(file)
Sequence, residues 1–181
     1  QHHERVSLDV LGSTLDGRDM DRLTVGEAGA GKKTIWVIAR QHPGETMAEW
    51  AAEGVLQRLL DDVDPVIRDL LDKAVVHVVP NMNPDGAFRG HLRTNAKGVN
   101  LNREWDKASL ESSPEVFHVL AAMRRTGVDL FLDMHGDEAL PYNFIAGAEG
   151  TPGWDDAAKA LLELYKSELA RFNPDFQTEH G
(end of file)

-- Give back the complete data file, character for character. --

Sequence, residues 1–181
     1  QHHERVSLDV LGSTLDGRDM DRLTVGEAGA GKKTIWVIAR QHPGETMAEW
    51  AAEGVLQRLL DDVDPVIRDL LDKAVVHVVP NMNPDGAFRG HLRTNAKGVN
   101  LNREWDKASL ESSPEVFHVL AAMRRTGVDL FLDMHGDEAL PYNFIAGAEG
   151  TPGWDDAAKA LLELYKSELA RFNPDFQTEH G